In January 1995, the distinguished Russian poet, Yevgeny Alexandrovich Yevtushenko honored us with his spirited, yet humble, presence at the eleventh annual National Cowboy Poetry Gathering in Elko, Nevada, thanks in large part to a dear friend of the Gathering, poet-critic Scott Preston, who extended the invitation to Mr. Yevtushenko. My best recollection is that few of us knew much, if anything at all, about the Russian writer’s work or life. It was our way, however, to delve into his poetry the instant we caught wind that he’d be joining us, and the admiration for his sensibilities was instantaneous; dare I quip that we rolled out the “red” carpet of western hospitality for this literary figure as we had never done before? I only wish I could relay here the many personal recollections of those who also shared the stages, as well as attended the behind-the-scenes jam sessions, private corner-table saloon conversations, and, yes, even a wedding ceremony, with Yevgeny as celebrity witness and Russian-proverb messenger.*** Moreover, I wish I could relay the responses of those hundreds in the audiences, who sat in musical awe of his words delivered with fervor in both English and Russian—especially “our” western women (and certain western men?), who swooned over the tall, lithe beautiful poet-god with his Cossack charisma and charm. What I wish most, however, is that I had a $5.00 poker chip for each captivated (and capsized) woman I witnessed peering into the deep alluring pools of Yevtushenko’s eyes. To this day I still grin when I think about all those tough cowboys kissing good-bye for good the wife or girlfriend, who they thought they knew inside and out, never again being quite the same gal with whom they arrived in Elko!

Yevtushenko reciting 1995©Rosoff

You bet, we presented, interwoven into our lighter-hearted work, our most “serious,” heart-wrenching, soul-searching sensibilities from the Elko stages (In reflection of Yevgeny’s haunting masterpiece, “Babi Yar,” I read my Holocaust Museum poem, “Shoes.”), after which the oftentimes solemn overall mood magically transitioned to levity in Yevtushenko’s presence. We drank together, we laughed together, we danced together—as if to prove aloud and out in the wide open spaces of the Cowboy West that the crucial human counterpoise/anodyne/antidote to the evil and toxicity of human torment and suffering is indeed poetry, with its aftermath of wisdom and hope and, at times, you bet, redemption and joy.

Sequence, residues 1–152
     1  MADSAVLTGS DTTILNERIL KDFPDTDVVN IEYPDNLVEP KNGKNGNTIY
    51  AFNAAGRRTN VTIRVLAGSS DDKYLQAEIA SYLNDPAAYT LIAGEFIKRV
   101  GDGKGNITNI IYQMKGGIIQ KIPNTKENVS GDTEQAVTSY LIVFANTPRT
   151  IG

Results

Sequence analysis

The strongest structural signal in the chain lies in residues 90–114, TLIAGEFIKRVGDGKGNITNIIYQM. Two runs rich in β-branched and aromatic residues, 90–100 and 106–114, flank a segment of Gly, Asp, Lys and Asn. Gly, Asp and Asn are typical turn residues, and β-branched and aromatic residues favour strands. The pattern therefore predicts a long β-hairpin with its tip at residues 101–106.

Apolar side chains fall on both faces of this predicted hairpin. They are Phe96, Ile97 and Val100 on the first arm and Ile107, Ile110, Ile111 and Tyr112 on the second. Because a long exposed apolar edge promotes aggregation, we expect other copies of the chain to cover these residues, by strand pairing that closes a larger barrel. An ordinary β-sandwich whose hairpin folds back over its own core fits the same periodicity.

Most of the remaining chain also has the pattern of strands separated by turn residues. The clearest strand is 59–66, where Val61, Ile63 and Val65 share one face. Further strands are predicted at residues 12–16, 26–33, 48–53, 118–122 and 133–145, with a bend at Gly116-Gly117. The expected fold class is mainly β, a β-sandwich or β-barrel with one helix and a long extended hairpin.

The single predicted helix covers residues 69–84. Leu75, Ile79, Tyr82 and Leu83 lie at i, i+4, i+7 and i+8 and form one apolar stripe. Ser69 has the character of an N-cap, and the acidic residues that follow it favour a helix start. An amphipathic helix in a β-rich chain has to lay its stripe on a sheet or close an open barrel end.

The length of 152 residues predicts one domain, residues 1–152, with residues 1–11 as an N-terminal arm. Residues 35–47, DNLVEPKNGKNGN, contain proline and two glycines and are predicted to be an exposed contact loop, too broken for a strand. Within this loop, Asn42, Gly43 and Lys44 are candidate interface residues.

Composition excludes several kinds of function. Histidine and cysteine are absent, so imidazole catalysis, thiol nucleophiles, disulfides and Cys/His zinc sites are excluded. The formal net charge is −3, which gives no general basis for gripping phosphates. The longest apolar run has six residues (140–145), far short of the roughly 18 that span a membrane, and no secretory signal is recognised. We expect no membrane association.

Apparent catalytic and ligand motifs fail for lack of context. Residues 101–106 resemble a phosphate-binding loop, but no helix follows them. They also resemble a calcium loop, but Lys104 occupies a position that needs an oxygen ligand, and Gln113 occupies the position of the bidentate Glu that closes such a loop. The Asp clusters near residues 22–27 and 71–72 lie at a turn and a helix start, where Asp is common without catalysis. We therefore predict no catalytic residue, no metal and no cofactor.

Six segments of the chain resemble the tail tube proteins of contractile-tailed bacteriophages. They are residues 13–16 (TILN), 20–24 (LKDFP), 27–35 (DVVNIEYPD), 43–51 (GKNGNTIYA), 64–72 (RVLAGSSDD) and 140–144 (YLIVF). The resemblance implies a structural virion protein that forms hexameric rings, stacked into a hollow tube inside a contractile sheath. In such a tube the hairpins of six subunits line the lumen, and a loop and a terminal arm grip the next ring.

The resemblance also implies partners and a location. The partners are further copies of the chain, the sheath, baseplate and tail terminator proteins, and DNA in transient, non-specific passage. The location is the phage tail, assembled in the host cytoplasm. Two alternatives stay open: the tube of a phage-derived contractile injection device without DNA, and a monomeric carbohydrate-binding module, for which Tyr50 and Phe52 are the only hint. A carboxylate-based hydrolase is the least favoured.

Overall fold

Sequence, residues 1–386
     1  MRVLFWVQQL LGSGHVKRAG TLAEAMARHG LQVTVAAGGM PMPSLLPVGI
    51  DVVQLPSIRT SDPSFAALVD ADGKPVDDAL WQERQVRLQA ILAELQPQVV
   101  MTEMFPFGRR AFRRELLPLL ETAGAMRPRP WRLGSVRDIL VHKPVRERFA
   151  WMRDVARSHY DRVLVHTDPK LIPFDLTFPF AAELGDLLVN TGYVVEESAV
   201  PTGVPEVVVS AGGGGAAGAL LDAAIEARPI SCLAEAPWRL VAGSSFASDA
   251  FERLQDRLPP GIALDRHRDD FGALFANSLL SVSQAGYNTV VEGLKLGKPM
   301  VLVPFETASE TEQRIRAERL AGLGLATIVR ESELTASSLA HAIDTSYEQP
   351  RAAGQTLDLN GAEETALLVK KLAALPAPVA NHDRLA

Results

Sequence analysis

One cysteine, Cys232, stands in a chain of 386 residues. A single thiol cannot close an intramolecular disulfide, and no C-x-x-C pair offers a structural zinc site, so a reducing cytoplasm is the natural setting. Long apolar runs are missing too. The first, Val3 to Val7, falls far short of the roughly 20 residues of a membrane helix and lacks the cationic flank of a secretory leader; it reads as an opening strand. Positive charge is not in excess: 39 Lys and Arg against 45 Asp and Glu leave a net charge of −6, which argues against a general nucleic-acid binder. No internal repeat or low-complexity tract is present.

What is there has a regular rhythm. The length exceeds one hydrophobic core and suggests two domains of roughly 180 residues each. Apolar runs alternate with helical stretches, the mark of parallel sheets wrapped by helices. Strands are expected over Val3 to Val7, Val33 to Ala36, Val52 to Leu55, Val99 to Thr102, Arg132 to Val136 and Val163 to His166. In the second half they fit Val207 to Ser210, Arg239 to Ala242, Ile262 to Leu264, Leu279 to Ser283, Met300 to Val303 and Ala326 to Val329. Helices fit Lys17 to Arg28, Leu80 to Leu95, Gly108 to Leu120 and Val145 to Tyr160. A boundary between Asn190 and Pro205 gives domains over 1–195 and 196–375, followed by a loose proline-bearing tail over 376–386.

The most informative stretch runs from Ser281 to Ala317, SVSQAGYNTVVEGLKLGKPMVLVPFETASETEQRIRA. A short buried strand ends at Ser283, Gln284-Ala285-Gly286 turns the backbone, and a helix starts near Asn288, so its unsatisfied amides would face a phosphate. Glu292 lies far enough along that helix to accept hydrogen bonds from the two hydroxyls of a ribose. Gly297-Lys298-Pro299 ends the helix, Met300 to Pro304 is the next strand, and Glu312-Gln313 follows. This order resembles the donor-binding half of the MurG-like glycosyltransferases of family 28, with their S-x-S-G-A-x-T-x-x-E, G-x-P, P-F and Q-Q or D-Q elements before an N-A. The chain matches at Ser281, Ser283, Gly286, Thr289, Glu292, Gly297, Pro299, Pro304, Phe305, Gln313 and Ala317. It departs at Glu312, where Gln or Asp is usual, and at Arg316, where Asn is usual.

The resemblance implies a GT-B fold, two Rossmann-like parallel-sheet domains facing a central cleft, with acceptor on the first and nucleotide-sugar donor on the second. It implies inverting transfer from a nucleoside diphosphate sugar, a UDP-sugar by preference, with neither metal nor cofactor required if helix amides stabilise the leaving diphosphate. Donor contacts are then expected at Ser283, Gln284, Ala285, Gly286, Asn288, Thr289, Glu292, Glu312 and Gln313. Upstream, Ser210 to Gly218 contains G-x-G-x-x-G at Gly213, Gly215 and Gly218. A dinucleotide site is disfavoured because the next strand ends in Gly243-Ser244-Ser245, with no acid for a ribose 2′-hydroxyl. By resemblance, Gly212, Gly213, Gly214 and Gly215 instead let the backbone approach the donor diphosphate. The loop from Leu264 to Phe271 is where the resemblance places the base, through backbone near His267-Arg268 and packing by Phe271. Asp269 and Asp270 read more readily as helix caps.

“together / we extol what the soul knows /
once solaced by poetry—it know it wants more / poetry!”

YYevtushenko & PZarzyski ©Rosoff

Yevgeny Yevtushenko’s death in Tulsa, Oklahoma on Saturday, April 1, 2017, set into domino-effect motion for me a power-grid overload of Cowboy Poetry Gathering reminiscences, not only of our 1995 event, but of 33 year’s worth of close encounters of the ars poetica otherworldly kind coaxed out from behind the humankind / animal-kind / plant-kind / cosmic-kind scrims in Elko. For whatever mysterious reasons, year-after-year, the sacred open range of the west, before the stringing of barbed wire, becomes, for thousands of us in attendance, the open range of the heart and soul and mind rising up out of the creative journey, out of storyline and/or song line, out of imagination, to the wildest Elko Gathering heights. I choose to believe that Yevtushenko felt the presence of this power, and in its midst, embraced his fellow travelers into the passionate and compassionate realms of universal language.  Whatever the catalyst responsible for our coming together so munificently in that minuscule space and time, his presence—his grace, wisdom, humility and wit—narrowed further the finest of spiritual lines between us, and reminded us that we were not, first and foremost, Cowboy Poets of the American west, but rather Human Being poets of the Planet, Earth.

Amen, and R.I.P., Brother Yevgeny.

 

Yevgeny Alexandrovich Yevtushenko–Cowboy Poet

Purring growl of your Russian tongue makes love
to our women, suddenly erumpent and churning
erotic in public. Once they were sweet
cream butter melting to our Dutch oven touch
under slow even-burning coals of mesquite,
ashwood, piñon fires, but now they burn
hot in the flames of pitchwood pine–they sizzle,
smoke, scorch and ruin the cobbler
because of you, Yevgeny. The cold war over
does not mean the heat-seeking
Yevtushenko must strike, but you have
struck Elko like a Cossack Slim Pickins
forking the bomb to earth
in a switch-a-Roosky take on our movie,
Dr. Strangelove. Stalking Siberian tiger,
you prowl the aisles, all perimeter seats
manned by women anxious to be anointed,
transfigured by one droplet of your love-